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Discover the Secrets of Auditors, Part 2

New guides help you keep the tax man away--for good.

Knowing exactly what the IRS is looking for concerning compliance has become a more important issue, now that the agency plans to do a better job collecting taxes. The IRS has gotten the word out to its collection people that catching individuals who aren't paying their taxes is as important as helping honest taxpayers.

Recently, many IRS employees were operating very cautiously because they feared that under the strengthened taxpayer rights laws, they could be fired for the way they once did their jobs. But IRS Commissioner Charles Rossotti held a special meeting recently to tell more than 650 collection managers that they can't allow delinquent taxpayers to get away with noncompliance.

Now that President Clinton has asked Congress for a 9 percent increase in the agency's budget, that could mean a tougher IRS stance regarding tax collecting. Some of these funds would be used to hire over 600 additional auditors. The extra money is needed, says the IRS, because "staffing resources devoted to critical compliance and enforcement programs have declined by more than 20 percent over the past five years."

If Congress agrees with Clinton's budget request, the agency expects this new force of auditors to zero in on noncompliance by individuals with incomes exceeding $100,000, especially business owners, professionals and investors in partnerships. In the past three years, the IRS says, audit rates among these taxpayers fell by two-thirds. In addition, taxpayers in this group now account for more than one-half the total income tax paid by individuals. Republicans in Congress have said they're open to the idea that more money might be needed for IRS operations.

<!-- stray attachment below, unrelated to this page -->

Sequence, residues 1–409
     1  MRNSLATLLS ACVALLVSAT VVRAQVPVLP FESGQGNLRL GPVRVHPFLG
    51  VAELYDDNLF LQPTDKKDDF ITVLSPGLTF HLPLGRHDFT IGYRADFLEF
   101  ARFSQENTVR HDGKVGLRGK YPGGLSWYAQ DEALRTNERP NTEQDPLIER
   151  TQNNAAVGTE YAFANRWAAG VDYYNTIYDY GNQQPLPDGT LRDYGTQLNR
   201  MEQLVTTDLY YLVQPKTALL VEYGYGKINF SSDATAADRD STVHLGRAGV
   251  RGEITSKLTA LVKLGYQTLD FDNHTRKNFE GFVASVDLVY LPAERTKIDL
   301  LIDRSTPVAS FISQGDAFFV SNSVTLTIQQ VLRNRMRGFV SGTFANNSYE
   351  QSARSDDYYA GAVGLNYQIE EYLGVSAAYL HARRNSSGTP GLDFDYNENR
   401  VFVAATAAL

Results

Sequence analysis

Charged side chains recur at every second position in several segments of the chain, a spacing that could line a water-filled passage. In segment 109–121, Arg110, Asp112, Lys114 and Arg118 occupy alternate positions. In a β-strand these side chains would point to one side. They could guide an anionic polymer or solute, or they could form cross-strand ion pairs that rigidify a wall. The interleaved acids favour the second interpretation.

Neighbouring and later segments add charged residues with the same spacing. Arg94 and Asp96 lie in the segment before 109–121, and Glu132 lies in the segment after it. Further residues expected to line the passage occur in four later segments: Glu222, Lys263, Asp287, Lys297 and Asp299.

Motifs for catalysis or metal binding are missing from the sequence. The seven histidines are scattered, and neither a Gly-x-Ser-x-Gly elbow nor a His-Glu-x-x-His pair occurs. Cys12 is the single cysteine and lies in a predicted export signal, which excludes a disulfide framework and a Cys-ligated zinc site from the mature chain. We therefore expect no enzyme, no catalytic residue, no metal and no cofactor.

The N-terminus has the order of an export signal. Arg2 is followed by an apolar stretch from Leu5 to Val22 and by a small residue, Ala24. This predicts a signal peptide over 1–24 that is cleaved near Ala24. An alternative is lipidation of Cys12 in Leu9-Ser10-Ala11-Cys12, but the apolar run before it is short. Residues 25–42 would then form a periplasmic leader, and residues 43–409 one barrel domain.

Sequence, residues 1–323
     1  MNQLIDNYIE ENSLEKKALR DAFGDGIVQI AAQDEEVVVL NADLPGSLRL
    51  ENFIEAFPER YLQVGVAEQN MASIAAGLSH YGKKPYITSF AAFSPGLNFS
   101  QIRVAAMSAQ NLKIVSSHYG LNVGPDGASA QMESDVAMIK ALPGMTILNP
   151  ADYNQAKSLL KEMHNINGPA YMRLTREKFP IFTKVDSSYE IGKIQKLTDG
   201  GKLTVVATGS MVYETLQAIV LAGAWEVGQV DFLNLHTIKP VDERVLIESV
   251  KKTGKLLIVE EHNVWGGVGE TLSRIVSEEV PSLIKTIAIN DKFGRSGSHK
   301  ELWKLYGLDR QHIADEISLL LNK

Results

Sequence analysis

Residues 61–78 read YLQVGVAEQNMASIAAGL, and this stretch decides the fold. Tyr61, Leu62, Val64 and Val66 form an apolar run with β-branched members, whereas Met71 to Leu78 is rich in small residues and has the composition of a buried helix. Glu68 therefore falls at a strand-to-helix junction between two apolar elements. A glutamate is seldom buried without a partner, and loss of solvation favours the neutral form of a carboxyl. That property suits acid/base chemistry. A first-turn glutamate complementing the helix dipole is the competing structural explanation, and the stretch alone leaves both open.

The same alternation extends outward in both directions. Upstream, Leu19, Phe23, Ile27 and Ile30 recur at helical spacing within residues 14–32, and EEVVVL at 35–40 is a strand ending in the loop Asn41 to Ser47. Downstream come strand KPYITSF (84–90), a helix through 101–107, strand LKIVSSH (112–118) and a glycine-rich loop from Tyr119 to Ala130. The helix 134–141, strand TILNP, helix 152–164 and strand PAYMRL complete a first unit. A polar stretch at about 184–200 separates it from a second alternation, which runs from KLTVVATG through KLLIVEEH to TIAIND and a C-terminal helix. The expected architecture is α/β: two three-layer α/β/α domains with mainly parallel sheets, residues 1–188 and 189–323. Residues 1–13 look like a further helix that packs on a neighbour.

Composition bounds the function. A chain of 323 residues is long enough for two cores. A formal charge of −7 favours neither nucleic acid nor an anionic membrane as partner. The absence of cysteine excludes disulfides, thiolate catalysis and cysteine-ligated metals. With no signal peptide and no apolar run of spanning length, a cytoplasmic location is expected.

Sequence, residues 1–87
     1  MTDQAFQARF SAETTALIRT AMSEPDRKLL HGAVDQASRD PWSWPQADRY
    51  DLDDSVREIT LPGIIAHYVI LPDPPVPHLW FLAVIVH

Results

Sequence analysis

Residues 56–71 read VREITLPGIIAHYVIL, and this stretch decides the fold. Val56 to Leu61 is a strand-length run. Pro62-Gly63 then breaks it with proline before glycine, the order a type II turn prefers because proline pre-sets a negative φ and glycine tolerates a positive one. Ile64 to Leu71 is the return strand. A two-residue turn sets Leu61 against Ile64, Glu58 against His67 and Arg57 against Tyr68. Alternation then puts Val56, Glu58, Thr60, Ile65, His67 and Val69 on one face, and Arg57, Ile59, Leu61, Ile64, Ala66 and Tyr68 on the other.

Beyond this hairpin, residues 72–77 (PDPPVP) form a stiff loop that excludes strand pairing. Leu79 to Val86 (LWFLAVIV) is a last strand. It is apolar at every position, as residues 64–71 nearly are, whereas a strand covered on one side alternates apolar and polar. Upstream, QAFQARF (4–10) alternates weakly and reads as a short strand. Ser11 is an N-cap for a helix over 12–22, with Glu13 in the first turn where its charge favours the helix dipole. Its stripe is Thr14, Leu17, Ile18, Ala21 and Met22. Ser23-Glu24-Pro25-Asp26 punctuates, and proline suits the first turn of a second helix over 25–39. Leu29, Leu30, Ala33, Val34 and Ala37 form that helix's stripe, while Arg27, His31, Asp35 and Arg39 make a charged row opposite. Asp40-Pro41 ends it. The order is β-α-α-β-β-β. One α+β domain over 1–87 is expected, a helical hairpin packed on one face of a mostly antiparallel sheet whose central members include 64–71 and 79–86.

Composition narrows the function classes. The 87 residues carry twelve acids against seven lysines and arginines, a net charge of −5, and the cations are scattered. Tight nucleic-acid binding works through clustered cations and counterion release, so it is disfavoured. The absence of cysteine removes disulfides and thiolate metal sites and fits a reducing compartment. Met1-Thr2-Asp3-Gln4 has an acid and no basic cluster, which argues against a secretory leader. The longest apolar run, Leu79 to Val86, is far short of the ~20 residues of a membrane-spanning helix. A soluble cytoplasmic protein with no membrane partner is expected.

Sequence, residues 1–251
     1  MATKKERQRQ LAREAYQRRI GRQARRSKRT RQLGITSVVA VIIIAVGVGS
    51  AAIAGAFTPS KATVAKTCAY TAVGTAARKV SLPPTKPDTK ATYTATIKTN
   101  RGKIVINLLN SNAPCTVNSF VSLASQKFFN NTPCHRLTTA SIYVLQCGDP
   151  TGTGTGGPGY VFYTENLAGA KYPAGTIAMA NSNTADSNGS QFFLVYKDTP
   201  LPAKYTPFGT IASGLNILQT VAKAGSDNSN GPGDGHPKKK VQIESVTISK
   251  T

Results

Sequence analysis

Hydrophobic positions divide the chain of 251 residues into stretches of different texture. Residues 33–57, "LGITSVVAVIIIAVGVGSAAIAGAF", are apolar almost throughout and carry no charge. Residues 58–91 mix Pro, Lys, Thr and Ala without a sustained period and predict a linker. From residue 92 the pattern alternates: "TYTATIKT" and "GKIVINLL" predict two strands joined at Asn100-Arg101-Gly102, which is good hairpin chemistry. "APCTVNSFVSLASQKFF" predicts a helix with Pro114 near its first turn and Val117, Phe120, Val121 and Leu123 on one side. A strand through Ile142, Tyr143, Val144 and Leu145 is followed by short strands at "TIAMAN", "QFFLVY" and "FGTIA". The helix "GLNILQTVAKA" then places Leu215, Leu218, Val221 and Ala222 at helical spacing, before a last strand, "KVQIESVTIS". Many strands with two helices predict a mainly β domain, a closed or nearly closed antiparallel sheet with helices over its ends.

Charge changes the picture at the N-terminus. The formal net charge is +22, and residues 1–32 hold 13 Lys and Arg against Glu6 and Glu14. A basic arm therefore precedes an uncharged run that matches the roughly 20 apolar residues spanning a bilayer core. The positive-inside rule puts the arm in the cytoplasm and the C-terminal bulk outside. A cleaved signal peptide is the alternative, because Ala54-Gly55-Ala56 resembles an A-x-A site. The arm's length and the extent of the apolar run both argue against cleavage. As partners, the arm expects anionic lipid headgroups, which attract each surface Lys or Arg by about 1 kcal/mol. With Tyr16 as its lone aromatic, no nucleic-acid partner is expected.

Another development that will result in greater IRS scrutiny of small-business activity is the creation of the IRS Small Business and Self-Employed Operating Division. Slated to be fully operational by October of this year, the new unit is part of the agency's restructuring plan which involves setting up four operating units serving specific groups of taxpayers.

The IRS recently named Joseph Kehoe as their commissioner of the small-business division, which will have 39,000 employees working at its New Carrollton, Maryland, facility by the fourth quarter of this year. Entrepreneurs have four to 60 transactions with the IRS per year, the agency points out, and pay $915 billion in cash to the agency-nearly 44 percent of the cash collected by the IRS.

In light of these developments, entrepreneurs would be wise to check out the MSSP guides. Don't wait until it's too late, warns Ely. Most of the guides are available at www.irs.ustreas.gov/prod/bus_info/mssp/index.html. It's also possible to order them from the Government Printing Office by calling (202) 512-1800. Take the time today to understand your industry the way the IRS does-the tax health of your business may depend on it.

Be sure to check out "Discover the Secrets of IRS Auditors, Part 1"


Joan Szabo is a writer in Great Falls, Virginia, who has reported on tax issues for more than 13 years.

Like this article? Get this issue right now on iPad, Nook or Kindle Fire.

This article was originally published in the July 2000 print edition of Entrepreneur with the headline: Discover the Secrets of Auditors, Part 2.

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